UPDATE, writethru with backstage comments: Alfonso Cuaron’s black-and-white Mexican drama Roma has scooped the Golden Lion at the 75th Venice Film Festival. This is the first movie from Netflix to take such an honor at a major festival, and the second movie in a row from a Mexican filmmaker to win here. Last year, Guillermo del Toro’s Golden Lion winner, The Shape Of Water, went all the way to a Best Picture Oscar.

Del Toro was jury president this year and in announcing his dear friend as the winner, joked, “Now, let me see if I can pronounce the name correctly.” As it did last year with Shape, the press room erupted in applause when Roma won. (The full list of winners is below the original post.)

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An ode to Cuaron’s Mexico City childhood, Roma, co-produced by Participant Media and Cuarón’s Esperanto Filmoj, has been embraced here on the Lido and its momentum accelerated when it hit Telluride, as Deadline’s Pete Hammond noted earlier this week.

Cuaron tonight said the award and the Venice festival are “incredibly meaningful to me.” He previously opened the festivities in 2013 with Gravity and was jury president two years ago. He also noted the serendipity of today being the birthday of the woman upon whom Roma is based. At the post-awards press conference, Cuaron was asked if it was more meaningful to him that Roma marks Netflix’s first big win at a major festival, or if he was prouder of the movie on a personal level. He quipped of the intensely personal film, “Do you really need an answer to that?”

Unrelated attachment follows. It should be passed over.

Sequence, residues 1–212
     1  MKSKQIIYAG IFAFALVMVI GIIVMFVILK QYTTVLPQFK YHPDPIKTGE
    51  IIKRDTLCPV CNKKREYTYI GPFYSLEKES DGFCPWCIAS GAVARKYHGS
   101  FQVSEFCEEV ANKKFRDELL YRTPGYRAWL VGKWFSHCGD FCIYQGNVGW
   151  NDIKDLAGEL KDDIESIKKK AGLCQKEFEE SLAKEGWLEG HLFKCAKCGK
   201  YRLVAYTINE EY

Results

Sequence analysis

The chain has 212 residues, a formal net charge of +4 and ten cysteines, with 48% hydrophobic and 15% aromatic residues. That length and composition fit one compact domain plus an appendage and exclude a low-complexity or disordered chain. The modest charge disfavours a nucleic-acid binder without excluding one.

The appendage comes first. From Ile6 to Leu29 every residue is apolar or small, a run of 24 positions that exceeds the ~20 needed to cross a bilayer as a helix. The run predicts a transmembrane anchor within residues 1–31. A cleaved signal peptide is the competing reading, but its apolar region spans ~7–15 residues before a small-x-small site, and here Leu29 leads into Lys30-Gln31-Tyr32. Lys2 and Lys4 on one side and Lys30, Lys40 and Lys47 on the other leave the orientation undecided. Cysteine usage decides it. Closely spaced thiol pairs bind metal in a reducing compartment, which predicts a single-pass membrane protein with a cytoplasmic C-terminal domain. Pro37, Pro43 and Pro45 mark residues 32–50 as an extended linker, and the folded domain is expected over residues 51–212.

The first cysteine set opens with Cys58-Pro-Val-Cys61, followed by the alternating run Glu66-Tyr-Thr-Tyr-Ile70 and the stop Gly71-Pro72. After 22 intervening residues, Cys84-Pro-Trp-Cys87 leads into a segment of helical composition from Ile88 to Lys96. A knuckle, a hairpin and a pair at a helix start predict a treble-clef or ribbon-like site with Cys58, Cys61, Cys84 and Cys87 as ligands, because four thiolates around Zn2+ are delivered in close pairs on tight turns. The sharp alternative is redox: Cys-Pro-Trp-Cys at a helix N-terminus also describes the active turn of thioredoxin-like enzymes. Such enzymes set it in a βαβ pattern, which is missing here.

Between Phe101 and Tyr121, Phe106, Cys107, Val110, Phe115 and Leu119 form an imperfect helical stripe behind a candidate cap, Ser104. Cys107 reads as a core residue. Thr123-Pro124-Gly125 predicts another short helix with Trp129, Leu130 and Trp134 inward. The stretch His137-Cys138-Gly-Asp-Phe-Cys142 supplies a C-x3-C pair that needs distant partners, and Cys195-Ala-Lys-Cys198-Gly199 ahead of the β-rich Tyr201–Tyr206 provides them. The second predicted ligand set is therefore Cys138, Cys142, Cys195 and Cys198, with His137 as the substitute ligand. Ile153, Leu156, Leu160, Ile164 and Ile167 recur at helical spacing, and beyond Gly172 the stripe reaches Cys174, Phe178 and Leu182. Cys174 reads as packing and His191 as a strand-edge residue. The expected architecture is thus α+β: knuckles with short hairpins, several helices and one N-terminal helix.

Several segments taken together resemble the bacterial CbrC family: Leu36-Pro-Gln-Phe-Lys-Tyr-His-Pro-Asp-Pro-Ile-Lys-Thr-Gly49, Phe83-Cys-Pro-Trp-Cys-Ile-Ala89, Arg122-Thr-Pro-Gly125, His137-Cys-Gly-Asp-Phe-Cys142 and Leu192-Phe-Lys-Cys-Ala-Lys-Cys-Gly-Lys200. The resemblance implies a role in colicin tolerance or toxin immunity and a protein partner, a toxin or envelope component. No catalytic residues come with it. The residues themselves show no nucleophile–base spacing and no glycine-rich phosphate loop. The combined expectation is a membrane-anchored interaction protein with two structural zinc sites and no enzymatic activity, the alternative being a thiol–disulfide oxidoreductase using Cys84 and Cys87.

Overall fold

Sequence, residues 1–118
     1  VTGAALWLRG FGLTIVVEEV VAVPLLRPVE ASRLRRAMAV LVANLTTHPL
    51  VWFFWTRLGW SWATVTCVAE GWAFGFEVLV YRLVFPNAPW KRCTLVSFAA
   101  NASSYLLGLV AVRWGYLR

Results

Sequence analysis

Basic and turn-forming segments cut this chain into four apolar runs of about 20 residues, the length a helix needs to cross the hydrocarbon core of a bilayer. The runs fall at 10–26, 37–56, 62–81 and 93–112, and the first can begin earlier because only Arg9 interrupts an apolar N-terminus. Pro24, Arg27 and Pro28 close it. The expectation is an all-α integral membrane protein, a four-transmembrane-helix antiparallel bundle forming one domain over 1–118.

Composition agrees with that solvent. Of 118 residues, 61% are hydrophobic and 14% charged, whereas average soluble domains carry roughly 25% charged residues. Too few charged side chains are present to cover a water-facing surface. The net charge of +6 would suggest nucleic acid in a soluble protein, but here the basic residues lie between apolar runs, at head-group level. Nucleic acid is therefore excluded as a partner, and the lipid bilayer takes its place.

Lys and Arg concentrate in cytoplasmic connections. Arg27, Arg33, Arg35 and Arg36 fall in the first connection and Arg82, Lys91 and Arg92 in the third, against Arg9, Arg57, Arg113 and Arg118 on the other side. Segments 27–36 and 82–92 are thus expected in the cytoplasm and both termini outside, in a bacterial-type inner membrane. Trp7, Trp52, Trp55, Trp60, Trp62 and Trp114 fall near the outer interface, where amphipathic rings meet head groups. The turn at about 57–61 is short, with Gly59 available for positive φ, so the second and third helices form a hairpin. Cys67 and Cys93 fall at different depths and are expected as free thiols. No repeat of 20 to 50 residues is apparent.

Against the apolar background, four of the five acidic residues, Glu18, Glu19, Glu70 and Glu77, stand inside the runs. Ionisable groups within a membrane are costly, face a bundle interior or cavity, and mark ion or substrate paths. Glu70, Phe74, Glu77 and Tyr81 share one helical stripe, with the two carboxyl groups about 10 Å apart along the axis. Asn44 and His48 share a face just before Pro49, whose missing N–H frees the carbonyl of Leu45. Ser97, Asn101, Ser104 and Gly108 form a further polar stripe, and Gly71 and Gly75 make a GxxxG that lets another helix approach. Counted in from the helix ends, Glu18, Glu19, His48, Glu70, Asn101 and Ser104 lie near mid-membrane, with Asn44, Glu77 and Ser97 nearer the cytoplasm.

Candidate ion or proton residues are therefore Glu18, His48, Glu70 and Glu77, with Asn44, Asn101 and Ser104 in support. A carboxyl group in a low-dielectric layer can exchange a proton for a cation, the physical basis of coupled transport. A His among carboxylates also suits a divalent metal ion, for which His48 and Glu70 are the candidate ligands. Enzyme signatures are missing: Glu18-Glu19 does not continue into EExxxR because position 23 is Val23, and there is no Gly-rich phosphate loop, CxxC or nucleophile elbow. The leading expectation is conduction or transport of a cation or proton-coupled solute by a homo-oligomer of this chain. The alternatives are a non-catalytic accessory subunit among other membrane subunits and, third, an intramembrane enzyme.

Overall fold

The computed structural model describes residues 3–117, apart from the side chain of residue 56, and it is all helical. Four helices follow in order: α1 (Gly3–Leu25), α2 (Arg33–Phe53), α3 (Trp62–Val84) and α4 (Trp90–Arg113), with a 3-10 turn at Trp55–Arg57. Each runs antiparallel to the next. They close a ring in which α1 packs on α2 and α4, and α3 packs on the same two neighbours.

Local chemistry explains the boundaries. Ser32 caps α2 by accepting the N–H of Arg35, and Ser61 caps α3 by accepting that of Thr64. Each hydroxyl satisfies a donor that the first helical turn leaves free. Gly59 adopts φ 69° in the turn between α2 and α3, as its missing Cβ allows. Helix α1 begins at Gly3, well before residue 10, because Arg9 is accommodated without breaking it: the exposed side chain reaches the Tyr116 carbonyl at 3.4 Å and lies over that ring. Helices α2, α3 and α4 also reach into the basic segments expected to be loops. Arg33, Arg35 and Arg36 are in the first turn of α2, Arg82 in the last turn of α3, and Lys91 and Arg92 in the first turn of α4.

The fact that Netflix had so many films in Venice this year was nevertheless a hot-button topic, particularly striking a sour note with Italian distributors. Roma had originally been offered a slot in Cannes, but Netflix ultimately pulled its films from consideration there since they were not eligible for the competition, a situation essentially forced on the French fest owing to an arcane windows rule. It was suggested to del Toro this evening that the fact that a Netflix movie has won the Golden Lion signaled the beginning of the end. Del Toro retorted, “How do you say ‘hyperbole’ in Italian? I don’t think this is the beginning of the end of anything. It’s a continuation of a process that started a hundred years ago.”

Del Toro further noted the decision to award Roma was “entirely unanimous by the entire jury. So, 9-0.”